Included in the paper is a description of a device called a "neutral beam injector" that will start and sustain plasma current without relying on a heating coil in the center of the tokamak. Such a coil is not suitable for continuous long-term operation. The neutral beam injector will pump fast-moving neutral atoms into the plasma and will help optimize the magnetic field that confines and controls the superhot gas.
Taken together, the paper describes concepts that strongly support a spherical facility to develop fusion components and create on Earth "a star in a jar"; the upgraded NSTX and MAST facilities will provide crucial data for determining the best path for ultimately generating electricity from fusion.
PPPL, on Princeton University's Forrestal Campus in Plainsboro, N.J., is devoted to creating new knowledge about the physics of plasmas -- ultra-hot, charged gases -- and to developing practical solutions for the creation of fusion energy. Results of PPPL research have ranged from a portable nuclear materials detector for anti-terrorist use to universally employed computer codes for analyzing and predicting the outcome of fusion experiments. The Laboratory is managed by the University for the U.S. Department of Energy's Office of Science, which is the largest single supporter of basic research in the physical sciences in the United States, and is working to address some of the most pressing challenges of our time. For more information, please visit science.energy.gov.
John Greenwald | EurekAlert!
Fraunhofer Researchers Develop High-Pressure Sensors for Extreme Temperature
28.06.2017 | Fraunhofer-Institut für Zuverlässigkeit und Mikrointegration IZM
Touch Displays WAY-AX and WAY-DX by WayCon
27.06.2017 | WayCon Positionsmesstechnik GmbH
An international team of scientists has proposed a new multi-disciplinary approach in which an array of new technologies will allow us to map biodiversity and the risks that wildlife is facing at the scale of whole landscapes. The findings are published in Nature Ecology and Evolution. This international research is led by the Kunming Institute of Zoology from China, University of East Anglia, University of Leicester and the Leibniz Institute for Zoo and Wildlife Research.
Using a combination of satellite and ground data, the team proposes that it is now possible to map biodiversity with an accuracy that has not been previously...
Heatwaves in the Arctic, longer periods of vegetation in Europe, severe floods in West Africa – starting in 2021, scientists want to explore the emissions of the greenhouse gas methane with the German-French satellite MERLIN. This is made possible by a new robust laser system of the Fraunhofer Institute for Laser Technology ILT in Aachen, which achieves unprecedented measurement accuracy.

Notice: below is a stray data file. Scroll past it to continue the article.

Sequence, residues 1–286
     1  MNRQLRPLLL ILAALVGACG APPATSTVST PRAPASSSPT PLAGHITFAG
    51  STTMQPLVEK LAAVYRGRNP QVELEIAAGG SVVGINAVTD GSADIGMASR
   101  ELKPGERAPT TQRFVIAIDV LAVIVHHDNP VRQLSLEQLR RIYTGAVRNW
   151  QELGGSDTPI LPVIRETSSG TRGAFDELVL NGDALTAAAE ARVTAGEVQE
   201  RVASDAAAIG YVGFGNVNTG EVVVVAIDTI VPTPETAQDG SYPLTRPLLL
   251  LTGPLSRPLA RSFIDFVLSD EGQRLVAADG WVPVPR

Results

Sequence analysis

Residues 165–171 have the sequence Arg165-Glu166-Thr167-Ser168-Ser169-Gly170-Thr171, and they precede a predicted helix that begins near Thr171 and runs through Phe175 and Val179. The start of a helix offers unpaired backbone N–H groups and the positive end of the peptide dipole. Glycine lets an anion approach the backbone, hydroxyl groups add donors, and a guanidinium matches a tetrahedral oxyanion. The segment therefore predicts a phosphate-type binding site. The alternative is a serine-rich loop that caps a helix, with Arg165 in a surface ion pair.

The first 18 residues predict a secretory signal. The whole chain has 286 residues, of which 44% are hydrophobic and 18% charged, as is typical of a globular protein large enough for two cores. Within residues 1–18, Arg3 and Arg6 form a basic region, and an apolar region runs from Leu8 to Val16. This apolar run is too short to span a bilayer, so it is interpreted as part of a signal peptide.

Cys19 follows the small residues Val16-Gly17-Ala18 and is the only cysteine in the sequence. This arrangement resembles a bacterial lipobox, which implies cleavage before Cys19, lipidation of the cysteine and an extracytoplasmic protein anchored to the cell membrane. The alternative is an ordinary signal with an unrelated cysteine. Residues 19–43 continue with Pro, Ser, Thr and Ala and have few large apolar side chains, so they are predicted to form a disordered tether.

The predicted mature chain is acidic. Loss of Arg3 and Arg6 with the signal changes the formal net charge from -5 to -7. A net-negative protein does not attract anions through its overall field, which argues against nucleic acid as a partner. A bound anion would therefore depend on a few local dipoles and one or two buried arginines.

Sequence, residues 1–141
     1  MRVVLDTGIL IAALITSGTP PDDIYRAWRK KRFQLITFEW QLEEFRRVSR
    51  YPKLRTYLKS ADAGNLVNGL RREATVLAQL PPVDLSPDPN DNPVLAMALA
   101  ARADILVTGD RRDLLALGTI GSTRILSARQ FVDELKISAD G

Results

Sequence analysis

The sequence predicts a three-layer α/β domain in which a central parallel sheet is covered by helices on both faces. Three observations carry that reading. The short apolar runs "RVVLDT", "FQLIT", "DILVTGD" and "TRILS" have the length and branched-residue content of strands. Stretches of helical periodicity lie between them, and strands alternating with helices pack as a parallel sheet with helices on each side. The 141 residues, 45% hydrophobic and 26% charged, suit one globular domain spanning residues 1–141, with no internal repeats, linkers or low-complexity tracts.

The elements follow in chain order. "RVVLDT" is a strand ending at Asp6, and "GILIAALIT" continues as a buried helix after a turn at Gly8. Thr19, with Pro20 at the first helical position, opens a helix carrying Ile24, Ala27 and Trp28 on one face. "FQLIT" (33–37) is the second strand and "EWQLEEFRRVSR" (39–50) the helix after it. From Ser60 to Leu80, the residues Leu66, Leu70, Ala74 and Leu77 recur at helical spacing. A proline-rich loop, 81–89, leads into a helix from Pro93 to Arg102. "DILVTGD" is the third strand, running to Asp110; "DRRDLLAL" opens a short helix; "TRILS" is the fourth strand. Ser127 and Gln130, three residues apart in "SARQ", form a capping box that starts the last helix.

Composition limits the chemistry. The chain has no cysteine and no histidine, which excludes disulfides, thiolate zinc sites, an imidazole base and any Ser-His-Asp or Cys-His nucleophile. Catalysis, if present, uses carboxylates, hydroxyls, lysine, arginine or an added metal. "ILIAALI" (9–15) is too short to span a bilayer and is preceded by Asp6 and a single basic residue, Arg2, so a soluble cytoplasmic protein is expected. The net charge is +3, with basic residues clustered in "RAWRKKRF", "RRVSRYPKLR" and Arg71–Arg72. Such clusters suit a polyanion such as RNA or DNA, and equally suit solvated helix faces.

Methane is primarily the result of the decomposition of organic matter. The gas has a 25 times greater warming potential than carbon dioxide, but is not as...
Hydrogen is regarded as the energy source of the future: It is produced with solar power and can be used to generate heat and electricity in fuel cells. Empa researchers have now succeeded in decoding the movement of hydrogen ions in crystals – a key step towards more efficient energy conversion in the hydrogen industry of tomorrow.
As charge carriers, electrons and ions play the leading role in electrochemical energy storage devices and converters such as batteries and fuel cells. Proton...
Scientists from the Excellence Cluster Universe at the Ludwig-Maximilians-Universität Munich have establised "Cosmowebportal", a unique data centre for cosmological simulations located at the Leibniz Supercomputing Centre (LRZ) of the Bavarian Academy of Sciences. The complete results of a series of large hydrodynamical cosmological simulations are available, with data volumes typically exceeding several hundred terabytes. Scientists worldwide can interactively explore these complex simulations via a web interface and directly access the results.
With current telescopes, scientists can observe our Universe’s galaxies and galaxy clusters and their distribution along an invisible cosmic web. From the...
Temperature measurements possible even on the smallest scale / Molecular ruby for use in material sciences, biology, and medicine
Chemists at Johannes Gutenberg University Mainz (JGU) in cooperation with researchers of the German Federal Institute for Materials Research and Testing (BAM)...
19.06.2017 | Event News
13.06.2017 | Event News
13.06.2017 | Event News
28.06.2017 | Physics and Astronomy
28.06.2017 | Physics and Astronomy
28.06.2017 | Health and Medicine